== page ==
There is a move towards more use of engagement strategies in responsible investment. This change in strategies is motivated by a number of claims about the effectiveness of engagement versus exclusion of companies from the investment universe (the set of investment objects available to an investor). This paper examines the basis for three central claims: i) That engagement, in contrast to exclusion, does not reduce the investment universe; ii) That exclusion reduces an investor’s influence on a company; and iii) That engagement with exclusion is necessarily a more effective means of influencing companies than pure exclusion. All three claims are argued to be open to challenge. It is possible that the move towards more engagement reflects bureaucratic incentives and political considerations among institutional investors, rather than arguments about the effectiveness and efficiency of engagement.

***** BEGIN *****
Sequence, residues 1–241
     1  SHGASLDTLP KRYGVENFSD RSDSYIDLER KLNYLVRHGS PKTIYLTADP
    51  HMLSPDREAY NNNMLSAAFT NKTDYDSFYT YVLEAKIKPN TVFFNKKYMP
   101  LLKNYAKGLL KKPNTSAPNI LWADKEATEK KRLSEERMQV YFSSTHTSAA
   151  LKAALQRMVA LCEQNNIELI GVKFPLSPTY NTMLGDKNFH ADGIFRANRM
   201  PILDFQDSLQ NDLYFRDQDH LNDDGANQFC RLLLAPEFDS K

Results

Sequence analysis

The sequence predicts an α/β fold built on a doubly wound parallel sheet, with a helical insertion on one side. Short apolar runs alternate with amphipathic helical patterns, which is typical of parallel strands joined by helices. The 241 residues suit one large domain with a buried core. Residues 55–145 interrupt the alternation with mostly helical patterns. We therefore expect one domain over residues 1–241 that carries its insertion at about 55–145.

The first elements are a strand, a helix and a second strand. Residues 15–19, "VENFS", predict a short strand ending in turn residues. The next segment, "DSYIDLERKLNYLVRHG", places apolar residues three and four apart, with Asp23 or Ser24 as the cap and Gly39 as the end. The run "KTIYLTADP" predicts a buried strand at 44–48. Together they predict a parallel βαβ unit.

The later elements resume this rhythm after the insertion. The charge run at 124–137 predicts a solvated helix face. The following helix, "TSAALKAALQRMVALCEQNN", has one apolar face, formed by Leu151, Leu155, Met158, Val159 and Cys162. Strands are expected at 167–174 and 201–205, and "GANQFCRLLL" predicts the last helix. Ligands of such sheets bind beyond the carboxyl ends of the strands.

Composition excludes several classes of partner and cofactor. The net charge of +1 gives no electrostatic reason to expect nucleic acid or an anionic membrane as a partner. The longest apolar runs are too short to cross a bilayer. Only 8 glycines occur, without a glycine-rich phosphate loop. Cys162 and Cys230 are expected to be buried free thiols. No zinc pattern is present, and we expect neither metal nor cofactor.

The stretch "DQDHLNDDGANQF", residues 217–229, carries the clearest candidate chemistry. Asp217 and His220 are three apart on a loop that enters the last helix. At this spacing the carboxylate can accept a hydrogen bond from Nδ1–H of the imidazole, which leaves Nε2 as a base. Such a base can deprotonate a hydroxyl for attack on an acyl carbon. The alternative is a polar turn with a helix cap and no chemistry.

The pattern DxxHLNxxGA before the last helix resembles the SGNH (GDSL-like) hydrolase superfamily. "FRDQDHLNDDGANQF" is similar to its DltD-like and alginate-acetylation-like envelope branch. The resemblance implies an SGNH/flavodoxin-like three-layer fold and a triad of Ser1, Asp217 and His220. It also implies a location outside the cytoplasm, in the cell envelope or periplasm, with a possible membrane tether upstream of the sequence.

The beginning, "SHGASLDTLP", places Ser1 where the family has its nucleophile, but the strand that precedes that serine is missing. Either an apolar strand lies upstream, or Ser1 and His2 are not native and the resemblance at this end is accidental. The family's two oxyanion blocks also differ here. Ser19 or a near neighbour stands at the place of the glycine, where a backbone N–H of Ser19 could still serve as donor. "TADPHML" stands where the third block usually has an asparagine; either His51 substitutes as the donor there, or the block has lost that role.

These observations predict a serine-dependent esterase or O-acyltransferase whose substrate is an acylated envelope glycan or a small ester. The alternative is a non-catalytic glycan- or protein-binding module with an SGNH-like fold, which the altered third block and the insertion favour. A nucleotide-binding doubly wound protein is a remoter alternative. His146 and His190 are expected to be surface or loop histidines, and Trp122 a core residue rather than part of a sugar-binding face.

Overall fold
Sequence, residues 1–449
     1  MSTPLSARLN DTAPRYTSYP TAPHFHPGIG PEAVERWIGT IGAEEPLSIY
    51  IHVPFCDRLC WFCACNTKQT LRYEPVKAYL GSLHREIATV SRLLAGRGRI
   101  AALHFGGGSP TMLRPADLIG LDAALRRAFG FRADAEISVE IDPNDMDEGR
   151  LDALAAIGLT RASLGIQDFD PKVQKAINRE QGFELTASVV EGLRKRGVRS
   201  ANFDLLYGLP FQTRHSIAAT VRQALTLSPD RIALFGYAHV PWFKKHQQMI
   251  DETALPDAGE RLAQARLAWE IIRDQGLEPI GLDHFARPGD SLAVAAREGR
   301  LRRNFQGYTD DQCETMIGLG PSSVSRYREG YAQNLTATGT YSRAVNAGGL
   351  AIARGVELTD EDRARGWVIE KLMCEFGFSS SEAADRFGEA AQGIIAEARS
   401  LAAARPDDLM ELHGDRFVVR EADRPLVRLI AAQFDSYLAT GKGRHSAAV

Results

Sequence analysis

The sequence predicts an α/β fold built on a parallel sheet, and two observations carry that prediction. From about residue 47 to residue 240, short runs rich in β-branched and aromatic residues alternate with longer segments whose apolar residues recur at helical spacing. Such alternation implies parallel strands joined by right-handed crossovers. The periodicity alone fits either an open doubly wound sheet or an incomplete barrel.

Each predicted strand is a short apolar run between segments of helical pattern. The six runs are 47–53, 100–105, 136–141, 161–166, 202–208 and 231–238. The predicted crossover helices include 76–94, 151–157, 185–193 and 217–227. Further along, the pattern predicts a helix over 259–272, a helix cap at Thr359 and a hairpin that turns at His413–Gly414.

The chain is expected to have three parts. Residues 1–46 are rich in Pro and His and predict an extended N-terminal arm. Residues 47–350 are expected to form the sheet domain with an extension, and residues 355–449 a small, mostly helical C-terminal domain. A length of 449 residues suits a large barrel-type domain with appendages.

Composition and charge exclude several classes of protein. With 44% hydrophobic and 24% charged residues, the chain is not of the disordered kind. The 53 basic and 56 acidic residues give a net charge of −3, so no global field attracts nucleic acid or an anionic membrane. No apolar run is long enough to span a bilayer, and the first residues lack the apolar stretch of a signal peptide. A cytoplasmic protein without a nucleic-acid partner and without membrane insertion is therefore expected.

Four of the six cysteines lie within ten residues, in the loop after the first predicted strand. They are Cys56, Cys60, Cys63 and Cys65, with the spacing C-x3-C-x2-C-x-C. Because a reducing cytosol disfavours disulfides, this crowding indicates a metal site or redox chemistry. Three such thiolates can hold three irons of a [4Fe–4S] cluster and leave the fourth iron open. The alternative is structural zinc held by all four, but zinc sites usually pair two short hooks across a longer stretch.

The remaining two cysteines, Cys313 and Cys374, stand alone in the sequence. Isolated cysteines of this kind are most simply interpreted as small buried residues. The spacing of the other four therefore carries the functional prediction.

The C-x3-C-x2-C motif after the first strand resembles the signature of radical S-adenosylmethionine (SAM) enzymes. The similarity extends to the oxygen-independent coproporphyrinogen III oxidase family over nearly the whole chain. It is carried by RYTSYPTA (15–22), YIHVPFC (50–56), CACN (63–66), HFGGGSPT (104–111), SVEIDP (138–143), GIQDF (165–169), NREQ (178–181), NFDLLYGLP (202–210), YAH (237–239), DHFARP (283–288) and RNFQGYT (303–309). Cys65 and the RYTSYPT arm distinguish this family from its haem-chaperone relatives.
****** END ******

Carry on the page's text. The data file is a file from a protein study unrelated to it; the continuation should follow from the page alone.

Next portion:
Understanding Inequality Within Households
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Handbook of Labor, Human Resources and Population Economics
Depression and labor supply: Evidence from the Netherlands
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Journal of Economics and Human Biology